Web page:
GBGLA is pleased to present the gallery’s fourth solo exhibition of work by Sarah Williams. The exhibition features the artist’s newest body of oil paintings and continues through May 8th.
We are both the product of and creator of our environs. Over time, ways of life shape and define us and we, in turn, shape our spaces which then shape our memories and histories. Strong emotions can be prompted by a place. Sarah Williams is drawn to structures that show the character acquired over those long histories and to the emotional ties we feel to these places we are connected to through our personal histories. She has spent years trying to capture rural Midwestern identity but she is also interested in finding ways to give a sense of perspective for her understanding of these small rural areas in Missouri.
Taking herself out of the “home” environment and applying her way of visually exploring another locale was the next step in expanding her work. Before the pandemic, Williams did an artist residency in Key West, FL. This new body of work came out of that experience and is about the similarities and differences between that region and what she recognizes as her “home” in Missouri.
Williams writes of her work, “I love seeing how people from other regions and backgrounds relate to my work. I’m finding the more specific I can be, the more universal the work somehow becomes. I hope my work allows people to think about where they come from and take pride in the collective identity of their home region.”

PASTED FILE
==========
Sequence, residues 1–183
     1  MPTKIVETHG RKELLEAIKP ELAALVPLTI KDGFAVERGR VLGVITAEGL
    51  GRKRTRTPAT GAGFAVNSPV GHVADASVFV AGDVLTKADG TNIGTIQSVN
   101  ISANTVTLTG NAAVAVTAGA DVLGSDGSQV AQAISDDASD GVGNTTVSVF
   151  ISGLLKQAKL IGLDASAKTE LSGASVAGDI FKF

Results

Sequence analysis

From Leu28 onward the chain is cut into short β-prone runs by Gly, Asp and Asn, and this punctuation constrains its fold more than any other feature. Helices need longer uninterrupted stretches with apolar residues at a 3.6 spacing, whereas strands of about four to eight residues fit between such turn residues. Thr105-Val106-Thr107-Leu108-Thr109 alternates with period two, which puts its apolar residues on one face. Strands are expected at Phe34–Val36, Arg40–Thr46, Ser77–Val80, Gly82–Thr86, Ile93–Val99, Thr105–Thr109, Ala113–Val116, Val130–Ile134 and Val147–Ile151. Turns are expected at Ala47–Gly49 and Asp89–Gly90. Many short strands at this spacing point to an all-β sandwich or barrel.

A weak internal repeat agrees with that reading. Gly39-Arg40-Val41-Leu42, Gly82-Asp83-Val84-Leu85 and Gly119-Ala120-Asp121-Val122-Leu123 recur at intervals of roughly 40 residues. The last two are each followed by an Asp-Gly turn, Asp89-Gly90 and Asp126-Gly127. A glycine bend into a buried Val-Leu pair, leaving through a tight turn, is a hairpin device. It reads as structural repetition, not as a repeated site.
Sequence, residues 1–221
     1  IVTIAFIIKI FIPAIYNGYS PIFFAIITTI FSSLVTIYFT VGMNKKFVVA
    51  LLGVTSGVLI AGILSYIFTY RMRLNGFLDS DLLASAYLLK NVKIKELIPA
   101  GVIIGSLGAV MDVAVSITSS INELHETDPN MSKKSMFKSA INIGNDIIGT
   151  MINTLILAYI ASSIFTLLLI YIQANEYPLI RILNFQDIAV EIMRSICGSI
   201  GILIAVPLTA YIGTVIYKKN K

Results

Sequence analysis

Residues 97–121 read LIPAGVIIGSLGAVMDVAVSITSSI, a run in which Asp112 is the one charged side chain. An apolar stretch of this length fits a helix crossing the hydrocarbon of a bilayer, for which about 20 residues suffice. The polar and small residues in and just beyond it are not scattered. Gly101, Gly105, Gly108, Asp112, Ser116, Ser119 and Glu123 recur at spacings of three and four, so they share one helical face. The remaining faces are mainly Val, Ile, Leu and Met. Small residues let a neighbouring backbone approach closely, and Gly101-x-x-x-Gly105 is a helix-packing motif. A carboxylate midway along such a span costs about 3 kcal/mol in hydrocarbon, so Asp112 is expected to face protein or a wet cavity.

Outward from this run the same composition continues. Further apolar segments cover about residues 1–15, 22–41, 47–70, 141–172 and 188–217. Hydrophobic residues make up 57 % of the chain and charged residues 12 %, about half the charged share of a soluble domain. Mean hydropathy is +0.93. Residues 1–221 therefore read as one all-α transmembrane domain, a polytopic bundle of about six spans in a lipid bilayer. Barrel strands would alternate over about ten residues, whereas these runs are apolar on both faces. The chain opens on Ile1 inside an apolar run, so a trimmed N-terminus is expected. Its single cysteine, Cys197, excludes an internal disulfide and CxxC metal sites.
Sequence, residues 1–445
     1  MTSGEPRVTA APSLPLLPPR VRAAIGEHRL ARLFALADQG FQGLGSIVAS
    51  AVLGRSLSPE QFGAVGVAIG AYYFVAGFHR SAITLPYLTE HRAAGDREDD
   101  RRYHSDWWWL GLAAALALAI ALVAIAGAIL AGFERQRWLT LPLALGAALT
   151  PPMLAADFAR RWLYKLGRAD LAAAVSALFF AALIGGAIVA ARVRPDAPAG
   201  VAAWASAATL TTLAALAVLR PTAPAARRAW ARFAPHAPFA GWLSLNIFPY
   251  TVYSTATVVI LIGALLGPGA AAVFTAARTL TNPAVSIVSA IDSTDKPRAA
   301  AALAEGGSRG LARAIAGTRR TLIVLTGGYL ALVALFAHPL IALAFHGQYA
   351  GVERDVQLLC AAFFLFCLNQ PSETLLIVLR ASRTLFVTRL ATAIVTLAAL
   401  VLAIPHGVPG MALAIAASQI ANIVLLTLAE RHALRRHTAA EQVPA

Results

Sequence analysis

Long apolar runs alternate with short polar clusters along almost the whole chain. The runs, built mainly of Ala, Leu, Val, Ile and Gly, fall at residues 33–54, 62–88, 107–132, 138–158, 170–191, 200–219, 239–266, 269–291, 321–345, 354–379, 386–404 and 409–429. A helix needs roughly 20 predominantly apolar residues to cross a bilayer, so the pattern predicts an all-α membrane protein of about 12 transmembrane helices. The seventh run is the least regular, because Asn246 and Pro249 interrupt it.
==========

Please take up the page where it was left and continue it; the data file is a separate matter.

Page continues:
Williams is drawn to light sources and the play of light on surfaces. This lead her to paint nightscapes of these familiar yet isolated and unremarkable buildings and scenes in rural areas. She uses the darkness to edit out extraneous information and provide the viewer with the essence of the place.
While Williams’ paintings are representational, she fractures the form and accentuates the light through her unique painting technique. Working wet on wet in oil, Williams accentuates the luminous glow of the lights and creates these velvety fields of color. The final effect is both inviting and eerily mysterious at the same time.
The viewer starts to unravel the mood of the painting not only with the primary area of focus, but through the combination of the secondary and even tertiary areas of focus. In much the same way our eyes adjust to the dark, upon deeper inspection, the viewer finds more details shrouded in darkness in the distance in Williams’ work. Using this nuanced visual language, Williams transforms the common place and makes the insignificant significant and in so doing, creates paintings that are mysterious, slightly familiar and hauntingly beautiful.
Sarah Williams received her MFA in 2009 from University of North Texas and has been exhibiting widely across the U.S. She has received many awards, including Purchase Award from UNT's Art in Public Places in 2009 and a Hunting Art Prize Finalist in 2010. She has exhibited and participated in a panel for the Dallas Contemporary’s Here, There & Beyond, and recently completed an artist-in-residence program in Vermont. Williams exhibited at the Galveston Arts Center, and had a solo exhibition at the Albrecht-Kemper Museum of Art in 2010.
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